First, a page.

4-4-1. Mission Operations Wing
Special requirements a r e imposed on the MOW a i r conditioning system. The large concentration of electronic equipment in the MOW, particularly in the RTCC area, necessitates a highly reliable a i r conditioning system to provide the proper environment for the equipment, and also for personnel, since mission operations must continue in the MOW under all but the most extreme emergency conditions.
A dual-duct, high-velocity air system utilizing pneumatic control devices is used to a i r condition the MOW. Steam and chilled water is normally piped from the heating and cooling plant, building 24. If the heating and cooling plant system fails, the MOW is provided warm and cool water from the emergency power building for emergency a i r conditioning to permit mission operations to continue. Compressed a i r for the pneumatic air conditioning control devices is also supplied from the heating and cooling plant. Backup a i r pressure to the control devices is provided by an a i r compressor located in mechanical equipment room 113. Although cooling, heating, and ventilating equipments a r e controlled at the a r e a s served within the MOW, a control panel is provided in the emergency power building a s a precautionary measure to

4-3. LIGHTING SYSTEM
While certain areas of the MCC-H have specialized lighting requirements, the only lighting criteria for most of the MCC-H is that minimum illumination be maintained for favorable working conditions. The MOW, OSW, lobby wing, and emergency power building lighting requirements a r e described below.

4-3-1. Mission Operations Wing
The critical MOW, which has no windows, requires a special lighting system that has provisions for emergency operation. Both fluorescent and incandescent light fixtures are provided in the MOW. Utility power is distributed from the category B power switchgear in the emergency power building to the MOW light fixtures. Utility power is fed directly to the fluorescent light fixtures while stepdown transformers, located in electrical equipment closets on each floor of the MOW, step down the utility power voltage for use by the

4-2

PHO-FAM001 _ _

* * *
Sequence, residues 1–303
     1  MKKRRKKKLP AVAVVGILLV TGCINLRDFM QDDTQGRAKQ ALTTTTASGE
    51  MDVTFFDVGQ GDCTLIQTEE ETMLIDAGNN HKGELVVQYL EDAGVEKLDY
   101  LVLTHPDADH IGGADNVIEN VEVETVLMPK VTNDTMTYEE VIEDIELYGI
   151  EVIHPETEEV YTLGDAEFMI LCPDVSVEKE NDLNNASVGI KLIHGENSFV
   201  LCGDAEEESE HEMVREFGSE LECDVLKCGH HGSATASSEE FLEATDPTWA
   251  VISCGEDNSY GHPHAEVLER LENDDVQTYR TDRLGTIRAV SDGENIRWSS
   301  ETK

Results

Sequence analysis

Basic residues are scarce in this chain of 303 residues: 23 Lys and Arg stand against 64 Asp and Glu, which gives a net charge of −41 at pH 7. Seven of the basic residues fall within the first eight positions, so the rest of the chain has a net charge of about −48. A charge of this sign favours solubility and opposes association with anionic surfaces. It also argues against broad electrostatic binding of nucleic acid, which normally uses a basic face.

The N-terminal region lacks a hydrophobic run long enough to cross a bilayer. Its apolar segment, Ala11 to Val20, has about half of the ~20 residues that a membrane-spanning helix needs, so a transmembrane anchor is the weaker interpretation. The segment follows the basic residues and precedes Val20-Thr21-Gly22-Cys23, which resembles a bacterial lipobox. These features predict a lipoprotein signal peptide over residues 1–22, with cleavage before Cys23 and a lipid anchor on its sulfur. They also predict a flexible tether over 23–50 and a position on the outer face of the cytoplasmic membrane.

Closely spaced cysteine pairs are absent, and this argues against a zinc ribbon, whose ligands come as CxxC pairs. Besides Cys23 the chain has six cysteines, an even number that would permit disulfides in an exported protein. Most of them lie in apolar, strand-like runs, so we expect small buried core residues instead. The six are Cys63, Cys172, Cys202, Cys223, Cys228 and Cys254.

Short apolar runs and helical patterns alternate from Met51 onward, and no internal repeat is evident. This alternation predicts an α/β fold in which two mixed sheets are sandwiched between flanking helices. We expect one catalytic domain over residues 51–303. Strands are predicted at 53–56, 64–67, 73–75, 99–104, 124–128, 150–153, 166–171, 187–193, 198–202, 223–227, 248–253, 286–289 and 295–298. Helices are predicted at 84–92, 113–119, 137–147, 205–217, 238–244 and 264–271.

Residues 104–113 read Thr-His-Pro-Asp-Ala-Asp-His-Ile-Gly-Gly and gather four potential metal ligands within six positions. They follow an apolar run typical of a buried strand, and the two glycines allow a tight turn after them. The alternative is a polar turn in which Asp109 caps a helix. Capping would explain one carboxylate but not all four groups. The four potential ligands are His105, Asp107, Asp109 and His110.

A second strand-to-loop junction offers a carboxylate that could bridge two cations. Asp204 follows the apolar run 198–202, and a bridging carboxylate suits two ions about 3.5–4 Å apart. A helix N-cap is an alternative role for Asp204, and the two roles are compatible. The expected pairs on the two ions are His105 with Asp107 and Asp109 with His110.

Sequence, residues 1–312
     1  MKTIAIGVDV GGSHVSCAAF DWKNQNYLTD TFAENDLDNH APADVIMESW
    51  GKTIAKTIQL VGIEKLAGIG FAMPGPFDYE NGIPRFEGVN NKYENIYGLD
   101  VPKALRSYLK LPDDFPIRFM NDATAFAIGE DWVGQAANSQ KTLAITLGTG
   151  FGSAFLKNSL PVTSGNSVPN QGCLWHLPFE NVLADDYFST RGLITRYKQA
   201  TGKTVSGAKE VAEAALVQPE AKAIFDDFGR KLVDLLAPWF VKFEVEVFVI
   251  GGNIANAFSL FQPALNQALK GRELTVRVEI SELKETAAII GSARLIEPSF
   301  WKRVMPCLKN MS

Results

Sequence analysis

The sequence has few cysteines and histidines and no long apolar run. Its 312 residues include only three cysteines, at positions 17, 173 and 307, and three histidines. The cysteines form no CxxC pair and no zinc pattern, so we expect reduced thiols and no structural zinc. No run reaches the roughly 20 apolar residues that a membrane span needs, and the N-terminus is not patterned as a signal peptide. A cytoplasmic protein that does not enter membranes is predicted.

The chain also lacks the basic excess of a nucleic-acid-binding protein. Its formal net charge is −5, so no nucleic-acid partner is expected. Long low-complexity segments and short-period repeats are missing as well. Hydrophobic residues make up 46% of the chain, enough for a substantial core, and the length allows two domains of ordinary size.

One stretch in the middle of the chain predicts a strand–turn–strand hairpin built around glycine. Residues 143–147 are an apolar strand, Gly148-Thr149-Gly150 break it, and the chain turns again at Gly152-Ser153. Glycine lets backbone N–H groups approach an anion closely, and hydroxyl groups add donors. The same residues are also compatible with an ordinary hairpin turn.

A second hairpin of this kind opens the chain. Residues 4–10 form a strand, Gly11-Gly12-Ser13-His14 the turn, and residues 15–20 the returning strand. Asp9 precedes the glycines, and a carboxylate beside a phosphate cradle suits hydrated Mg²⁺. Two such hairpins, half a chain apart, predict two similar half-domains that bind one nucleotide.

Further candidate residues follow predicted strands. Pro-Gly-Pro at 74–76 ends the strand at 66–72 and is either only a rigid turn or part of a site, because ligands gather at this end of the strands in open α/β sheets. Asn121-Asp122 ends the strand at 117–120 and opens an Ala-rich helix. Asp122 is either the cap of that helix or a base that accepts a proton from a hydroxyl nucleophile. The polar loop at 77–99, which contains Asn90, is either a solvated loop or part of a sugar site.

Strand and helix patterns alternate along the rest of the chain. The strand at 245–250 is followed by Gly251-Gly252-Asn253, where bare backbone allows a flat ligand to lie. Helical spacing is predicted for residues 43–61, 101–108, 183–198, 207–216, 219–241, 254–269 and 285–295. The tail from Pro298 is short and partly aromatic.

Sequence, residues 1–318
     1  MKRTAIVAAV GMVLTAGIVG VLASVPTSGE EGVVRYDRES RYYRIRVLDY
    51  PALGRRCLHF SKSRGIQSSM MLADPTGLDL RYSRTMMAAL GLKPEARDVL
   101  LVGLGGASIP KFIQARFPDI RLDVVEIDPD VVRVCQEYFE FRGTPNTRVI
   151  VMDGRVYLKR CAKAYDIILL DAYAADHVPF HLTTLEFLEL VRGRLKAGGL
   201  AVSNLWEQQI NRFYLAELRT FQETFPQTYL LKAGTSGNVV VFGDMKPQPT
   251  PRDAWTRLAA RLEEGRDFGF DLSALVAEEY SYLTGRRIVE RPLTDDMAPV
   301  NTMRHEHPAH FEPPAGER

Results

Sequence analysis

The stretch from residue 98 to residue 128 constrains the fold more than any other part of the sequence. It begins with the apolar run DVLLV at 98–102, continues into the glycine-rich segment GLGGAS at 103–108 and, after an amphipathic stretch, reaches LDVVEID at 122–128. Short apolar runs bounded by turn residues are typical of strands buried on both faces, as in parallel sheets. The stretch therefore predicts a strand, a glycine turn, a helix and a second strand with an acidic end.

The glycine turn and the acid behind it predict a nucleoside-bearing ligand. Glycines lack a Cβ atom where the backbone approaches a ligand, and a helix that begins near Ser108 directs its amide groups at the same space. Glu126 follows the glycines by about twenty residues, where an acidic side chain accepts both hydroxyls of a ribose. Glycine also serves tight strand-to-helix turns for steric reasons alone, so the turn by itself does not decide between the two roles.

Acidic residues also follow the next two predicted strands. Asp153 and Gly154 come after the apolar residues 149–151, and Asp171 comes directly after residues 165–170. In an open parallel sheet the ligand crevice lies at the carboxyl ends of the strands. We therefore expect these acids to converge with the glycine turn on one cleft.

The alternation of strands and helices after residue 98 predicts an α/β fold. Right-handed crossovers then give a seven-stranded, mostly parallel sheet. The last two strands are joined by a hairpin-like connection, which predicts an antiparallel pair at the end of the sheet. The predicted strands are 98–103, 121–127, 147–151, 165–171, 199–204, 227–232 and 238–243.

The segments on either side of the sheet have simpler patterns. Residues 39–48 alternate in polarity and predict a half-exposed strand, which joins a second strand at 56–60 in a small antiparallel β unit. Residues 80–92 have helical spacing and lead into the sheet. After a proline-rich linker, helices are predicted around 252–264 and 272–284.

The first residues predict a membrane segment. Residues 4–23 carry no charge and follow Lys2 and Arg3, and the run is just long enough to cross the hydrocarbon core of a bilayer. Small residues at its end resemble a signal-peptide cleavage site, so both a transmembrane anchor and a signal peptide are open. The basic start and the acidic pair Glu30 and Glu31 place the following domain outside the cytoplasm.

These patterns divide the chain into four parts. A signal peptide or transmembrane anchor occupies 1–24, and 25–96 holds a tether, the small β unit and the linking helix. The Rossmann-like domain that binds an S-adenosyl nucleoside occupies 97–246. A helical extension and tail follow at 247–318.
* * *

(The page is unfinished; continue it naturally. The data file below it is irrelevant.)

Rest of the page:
monitor and reset the equipments. Mixed a i r and discharge plenums a r e acoustically lined and constructed to withstand the high a i r pressure generated by the high-velocity air supply system. Return a i r plenums are also lined and contain vertical sound baffles to confine fan noise within the mechanical equipment room. Each MOW mechanical equipment room contains a i r conditioning units that draw return a i r from ceiling plenums and fresh air from outside a i r processing units containing a i r filters, preheating and precooling coils, humidifiers, and control dampers. The air is discharged through heating and cooling coils and filter sections of the air conditioning units to the highvelocity duct system. The high pressure dual-duct system delivers air from the hot and cold decks of the discharge plenums to constant volume mixing boxes (air valves) above the suspended ceilings on eachfloor. The mixing boxes mix cool and warm air to produce the environment desired for each area. Thermostats control motorized dampers that regulate the quantities of cool and warm a i r to be mixed in the boxes. The mixed a i r is fed to low pressure ducts for distribution to air diffusers located in each area. In general, the a i r diffusers a r e located on the ceiling-mounted fluorescent lighting fixtures. Each diffuser includes volume control dampers and adjustable a i r deflectors. Conventional ceiling a i r diffusers a r e located in the MQCR's. Return a i r in most a r e a s is drawn through slots in the lighting fixture frames and routed back to the mechanical equipment rooms through the low press u r e ceiling plenums. Return a i r from the MOCR's and visitors viewing a r e a s is drawn through grills, located under the leading edge of the stepped floor, to special charcoal filter units installed under the visitors viewing areas. These filters remove excessive tobacco smoke and odors from the a i r before conveying the air back to the mechanical equipment rooms through the ceiling plenums. The high cooling load of the RTCC equipment is handled by an underfloor a i r supply system. Duplicate fans, coils, filters, and controls are installed in mechanical equipment room 113 for the system, which uses no outside air. The system supplies air to the RTCC a r e a s of highest heat gain through strategically situated floor grills. The lighting and personnel cooling load of the RTCC area is handled by the regular overhead a i r distribution system. As indicated earlier, emergency water heating and cooling facilities are located in the emergency power building to backup the heating and cooling plant that supplies warm and cool water to the MOW. Water pumps in the emergency power building circulate warm and cool water through the a i r conditioning coils in the MOW mechanical equipment rooms. A 5-minute change-over period is required to switch from the MSC heating and cooling plant loop to the emergency backup system. A s an added measure to ensure continuous operation, each MOW mechanical equipment room contains dual a i r handling equipment including supply fan, heating and cooling coils, air filters, and controls.